food bank donation

Shown holding a facsimile of a $100,000 check from the Franklin P. and Arthur W. Perdue Foundation to Food Bank of the Albemarle are (l-r) Will Meiggs, Food Bank board member; Liz Reasoner, Food Bank executive director; Jeff Stalls of Perdue Lewiston; Guy Burkholder of Perdue Lewiston; and Andy Spencer, Food Bank director of operations.

Food Bank of the Albemarle has unveiled a new 53-foot, refrigerated tractor-trailer the hunger relief agency purchased with a $100,000 grant from the charitable giving arm of Perdue Farms.

The tractor-trailer provides the Food Bank additional storage and transportation capacity, enabling the agency to distribute an additional 700,000 pounds of food across its 15-county service territory in northeastern North Carolina.

In use since March, the trailer has already stored 200,000 pounds of food, distributed more than 100,000 pounds of food, and been used to pick up an estimated 60,000 pounds of produce from local farmers.

Liz Reasoner, the Food Bank’s executive director, thanked the Franklin P. and Arthur W. Perdue Foundation for the $100,000 grant, describing it as a “most generous gift.” She called the tractor-trailer an “indispensable asset” to the agency’s ongoing COVID-19 relief efforts, and said it “will have an incredible impact on Food Bank operations for years to come.”

According to the Food Bank, the agency currently serves 235,573 people annually through its food distribution programs. In early 2016, the agency’s board of directors adopted Feeding America’s Bold Goal of closing the meal gap in America by 2025. In order for the Food Bank to meet the goal, it must increase its distribution of food by 11 percent a year and eventually distribute 9.4 million meals annually.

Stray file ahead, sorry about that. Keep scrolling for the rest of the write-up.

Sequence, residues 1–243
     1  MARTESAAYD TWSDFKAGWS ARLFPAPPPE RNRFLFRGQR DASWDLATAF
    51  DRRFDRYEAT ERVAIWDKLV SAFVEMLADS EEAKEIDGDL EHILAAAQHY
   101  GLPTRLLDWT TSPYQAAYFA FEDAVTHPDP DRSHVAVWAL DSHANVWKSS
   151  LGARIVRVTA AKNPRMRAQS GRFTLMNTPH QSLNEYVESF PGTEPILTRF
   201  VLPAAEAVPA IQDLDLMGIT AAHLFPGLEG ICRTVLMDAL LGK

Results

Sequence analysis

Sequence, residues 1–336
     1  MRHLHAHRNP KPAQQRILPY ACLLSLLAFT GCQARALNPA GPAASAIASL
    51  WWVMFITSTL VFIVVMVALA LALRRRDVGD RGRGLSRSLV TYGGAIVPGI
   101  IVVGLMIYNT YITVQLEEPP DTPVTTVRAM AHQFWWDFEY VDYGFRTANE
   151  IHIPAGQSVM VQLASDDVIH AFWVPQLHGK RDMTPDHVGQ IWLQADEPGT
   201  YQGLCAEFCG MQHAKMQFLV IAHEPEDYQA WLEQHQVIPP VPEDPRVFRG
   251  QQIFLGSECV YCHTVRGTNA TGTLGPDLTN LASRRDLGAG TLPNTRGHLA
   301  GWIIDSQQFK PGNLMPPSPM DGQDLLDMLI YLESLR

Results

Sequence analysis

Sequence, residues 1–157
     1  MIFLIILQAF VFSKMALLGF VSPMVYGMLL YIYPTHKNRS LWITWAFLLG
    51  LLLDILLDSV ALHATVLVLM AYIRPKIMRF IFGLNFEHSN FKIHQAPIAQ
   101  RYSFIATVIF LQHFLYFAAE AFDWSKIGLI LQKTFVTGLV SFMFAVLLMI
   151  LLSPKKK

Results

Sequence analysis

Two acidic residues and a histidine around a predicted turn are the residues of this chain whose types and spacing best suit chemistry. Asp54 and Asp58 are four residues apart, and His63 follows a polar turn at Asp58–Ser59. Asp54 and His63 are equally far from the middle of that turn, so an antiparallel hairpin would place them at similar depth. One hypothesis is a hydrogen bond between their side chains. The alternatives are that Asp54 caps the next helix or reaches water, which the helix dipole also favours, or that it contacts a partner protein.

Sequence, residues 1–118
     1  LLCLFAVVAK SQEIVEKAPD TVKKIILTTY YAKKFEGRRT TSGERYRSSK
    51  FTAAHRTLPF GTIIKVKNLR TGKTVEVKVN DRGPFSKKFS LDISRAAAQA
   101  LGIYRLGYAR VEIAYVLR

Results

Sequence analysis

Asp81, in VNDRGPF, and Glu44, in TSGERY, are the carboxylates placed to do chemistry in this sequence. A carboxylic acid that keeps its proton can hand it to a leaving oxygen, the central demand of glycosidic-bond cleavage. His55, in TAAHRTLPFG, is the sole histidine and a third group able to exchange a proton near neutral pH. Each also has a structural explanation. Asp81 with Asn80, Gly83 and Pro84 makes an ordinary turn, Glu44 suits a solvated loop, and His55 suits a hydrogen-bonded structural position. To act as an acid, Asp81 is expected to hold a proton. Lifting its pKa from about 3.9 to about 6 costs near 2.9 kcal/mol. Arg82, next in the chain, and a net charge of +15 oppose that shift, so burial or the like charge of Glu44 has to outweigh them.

“Expanding the Food Bank’s storage capacity is instrumental in closing the meal gap,” the agency said.

The $100,000 grant to Food Bank of the Albemarle was one of 10 the foundation awarded to food banks in January in conjunction with Perdue Farms’ Delivering Hope To Our Neighbors hunger relief initiative and in celebration of the company’s 100th anniversary.

“At Perdue Farms, we’re committed to doing all that we can to support the communities we call home, and value our ability to help address the issue of food insecurity,” said Kim Nechay, the Perdue Foundation’s executive director. “We’re proud that we can expand our partnership with the Food Bank of Albemarle through this gift and improve their ability to help meet the needs of our neighbors, especially during this uncertain time.”

Since 2017, Perdue Farms said it has donated more than 182,803 pounds — the equivalent of 731,212 servings — of protein to Food Bank of the Albemarle.

Brian Gray, communications and volunteers manager for the Food Bank, said the agency purchased the tractor-trailer in March after receiving the Perdue Foundation grant. The Food Bank intended to announce the grant and trailer’s acquisition at an event in April that included Perdue representatives. However, the announcement was put on hold when the COVID-19 pandemic began preventing safe gatherings.

The Food Bank and Perdue are making the announcement now, Gray said, because the trailer is in use and both entities wanted to show “the impact it’s having on food distribution.”